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Its pretty straightforward to get the first x lines of a text file, but I need the first x MB of a file. Given that I'm a PowerShell neophyte if you could please give me some annotations on the script that would be greatly appreciated.

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2 Answers 2

up vote 9 down vote accepted
Get-Content foo.exe -TotalCount 1MB -Encoding byte

If you happen to be using PowerShell Community Extensions then do this:

Format-Hex foo.exe -count 1MB

Note: If you are using PowerShell V2 be sure to grab the 1.2 beta of PSCX.

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that is a useful magic incantation! –  Cheeso May 20 '09 at 14:45

Independent of PowerShell, I'd just use the head command. (It's a standard Unix command, but it's available for Windows.) The -c option lets you specify the number of bytes you want.

head -c 1024 foo.exe
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One of the reasons I loath asking powershell questions is the for the obvious "you could do it unix with ...." answers. there's got to be a dozen of non-powershell ways of getting what I'm looking for, but I"m looking for a powershell answer. –  Ralph Shillington May 20 '09 at 14:35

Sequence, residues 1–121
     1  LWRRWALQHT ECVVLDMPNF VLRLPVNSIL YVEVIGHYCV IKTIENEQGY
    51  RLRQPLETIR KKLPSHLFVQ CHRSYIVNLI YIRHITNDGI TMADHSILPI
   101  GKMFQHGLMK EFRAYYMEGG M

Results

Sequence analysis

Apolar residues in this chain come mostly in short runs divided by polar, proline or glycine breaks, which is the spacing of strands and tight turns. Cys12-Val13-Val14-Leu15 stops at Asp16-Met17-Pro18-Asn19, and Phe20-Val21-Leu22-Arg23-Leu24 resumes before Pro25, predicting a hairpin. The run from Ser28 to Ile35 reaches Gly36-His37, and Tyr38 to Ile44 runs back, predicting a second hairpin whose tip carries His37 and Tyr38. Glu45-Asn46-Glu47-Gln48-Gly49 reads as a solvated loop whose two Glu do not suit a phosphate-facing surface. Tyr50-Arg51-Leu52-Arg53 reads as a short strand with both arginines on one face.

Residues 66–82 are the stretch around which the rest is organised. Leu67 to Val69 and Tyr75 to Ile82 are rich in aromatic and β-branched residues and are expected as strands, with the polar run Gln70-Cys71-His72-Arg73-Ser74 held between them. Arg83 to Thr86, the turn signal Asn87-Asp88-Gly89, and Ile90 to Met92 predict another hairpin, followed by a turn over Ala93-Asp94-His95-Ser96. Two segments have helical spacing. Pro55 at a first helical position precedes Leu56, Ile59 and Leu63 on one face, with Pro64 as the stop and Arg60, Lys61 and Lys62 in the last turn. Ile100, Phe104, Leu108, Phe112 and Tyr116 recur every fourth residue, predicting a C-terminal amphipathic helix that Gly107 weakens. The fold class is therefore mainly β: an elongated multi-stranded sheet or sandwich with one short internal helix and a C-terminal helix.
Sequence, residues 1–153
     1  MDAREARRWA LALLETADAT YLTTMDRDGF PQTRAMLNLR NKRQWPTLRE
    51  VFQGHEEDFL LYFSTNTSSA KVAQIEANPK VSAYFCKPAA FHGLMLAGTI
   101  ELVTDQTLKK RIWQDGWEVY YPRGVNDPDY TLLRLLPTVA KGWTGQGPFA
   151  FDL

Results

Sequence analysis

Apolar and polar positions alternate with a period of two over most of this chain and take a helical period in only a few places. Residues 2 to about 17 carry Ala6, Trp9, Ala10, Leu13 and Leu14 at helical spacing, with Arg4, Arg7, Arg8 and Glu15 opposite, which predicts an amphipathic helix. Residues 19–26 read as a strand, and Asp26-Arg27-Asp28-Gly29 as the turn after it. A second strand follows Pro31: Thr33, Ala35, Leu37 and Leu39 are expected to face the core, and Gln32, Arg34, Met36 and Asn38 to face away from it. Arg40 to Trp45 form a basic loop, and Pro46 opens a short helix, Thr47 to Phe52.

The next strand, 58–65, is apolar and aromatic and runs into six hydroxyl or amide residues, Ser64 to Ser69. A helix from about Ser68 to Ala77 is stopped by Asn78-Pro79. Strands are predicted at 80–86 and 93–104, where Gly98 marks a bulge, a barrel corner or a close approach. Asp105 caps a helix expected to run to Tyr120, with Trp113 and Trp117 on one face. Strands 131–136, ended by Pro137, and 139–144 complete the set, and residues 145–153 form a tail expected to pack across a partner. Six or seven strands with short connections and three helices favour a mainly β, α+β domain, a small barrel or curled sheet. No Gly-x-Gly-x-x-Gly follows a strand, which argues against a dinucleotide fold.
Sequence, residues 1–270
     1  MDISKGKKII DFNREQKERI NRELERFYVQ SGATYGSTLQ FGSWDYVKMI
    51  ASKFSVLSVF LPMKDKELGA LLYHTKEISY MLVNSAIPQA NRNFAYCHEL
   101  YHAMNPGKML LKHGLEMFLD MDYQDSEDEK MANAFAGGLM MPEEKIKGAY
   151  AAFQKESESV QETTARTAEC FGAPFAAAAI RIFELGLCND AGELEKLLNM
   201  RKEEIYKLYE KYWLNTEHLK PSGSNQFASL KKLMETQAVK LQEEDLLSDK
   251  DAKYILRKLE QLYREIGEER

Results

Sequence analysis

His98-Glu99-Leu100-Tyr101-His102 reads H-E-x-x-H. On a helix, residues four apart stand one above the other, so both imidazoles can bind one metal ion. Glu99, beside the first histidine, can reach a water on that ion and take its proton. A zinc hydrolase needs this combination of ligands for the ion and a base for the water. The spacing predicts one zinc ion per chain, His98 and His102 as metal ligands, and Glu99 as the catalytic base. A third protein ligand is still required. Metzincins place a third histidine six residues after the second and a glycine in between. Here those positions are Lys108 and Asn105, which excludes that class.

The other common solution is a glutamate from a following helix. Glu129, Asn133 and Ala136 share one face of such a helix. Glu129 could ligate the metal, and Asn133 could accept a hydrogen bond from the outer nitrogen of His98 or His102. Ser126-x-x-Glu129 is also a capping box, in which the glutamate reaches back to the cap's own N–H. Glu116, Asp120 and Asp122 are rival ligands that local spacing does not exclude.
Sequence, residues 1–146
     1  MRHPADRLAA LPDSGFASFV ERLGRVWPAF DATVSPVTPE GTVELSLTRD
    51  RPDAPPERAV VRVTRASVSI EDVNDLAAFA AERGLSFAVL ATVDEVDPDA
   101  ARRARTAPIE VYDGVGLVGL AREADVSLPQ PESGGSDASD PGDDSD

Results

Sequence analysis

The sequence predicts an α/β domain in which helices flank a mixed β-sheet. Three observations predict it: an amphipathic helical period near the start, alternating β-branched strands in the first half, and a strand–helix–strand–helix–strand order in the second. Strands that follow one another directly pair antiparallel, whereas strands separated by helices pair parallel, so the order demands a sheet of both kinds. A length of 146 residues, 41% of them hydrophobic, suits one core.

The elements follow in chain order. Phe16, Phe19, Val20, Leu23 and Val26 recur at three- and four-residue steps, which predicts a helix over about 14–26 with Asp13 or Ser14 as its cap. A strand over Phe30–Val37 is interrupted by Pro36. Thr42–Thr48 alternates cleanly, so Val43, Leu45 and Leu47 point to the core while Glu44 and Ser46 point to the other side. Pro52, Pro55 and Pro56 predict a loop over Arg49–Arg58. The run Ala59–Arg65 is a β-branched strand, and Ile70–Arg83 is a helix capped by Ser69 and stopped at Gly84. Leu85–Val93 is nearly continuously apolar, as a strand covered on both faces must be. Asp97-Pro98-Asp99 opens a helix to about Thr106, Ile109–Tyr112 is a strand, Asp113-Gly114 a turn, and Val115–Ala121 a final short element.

And I don't understand why anyone would restrict solutions to PowerShell when there are solutions that work everywhere, not just PowerShell. I mean, unless it's just idle curiosity: "Gee, I wonder if I can do that in PowerShell." You didn't say it needed to be a PowerShell-only solution. I figured you're just sitting at a PS prompt and wondering how to get the first N bytes of a file. The answer is the same as if you were sitting at any other prompt, and it's not a Unix solution, either. –  Rob Kennedy May 20 '09 at 16:26
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Maybe someday you don't want to read the first 1 KiB of a file but from a binary registry key. Also, there are ofttimes things you miss in a new technology because you're too accustomed doing it your old-fashioned way. You wouldn't recommend using sed/awk on wmic output to a Powershell user, would you? Also, head (being not a cmdlet) will yield a string[] which may not be what you want. –  Joey May 21 '09 at 11:22
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It's important to realize that there are often cases where a machine is locked down so that you can't install new software, but you can run PowerShell. That's a good use-case for "want PowerShell, can't use X ported unix executable" –  djsadinoff Dec 26 '10 at 12:49

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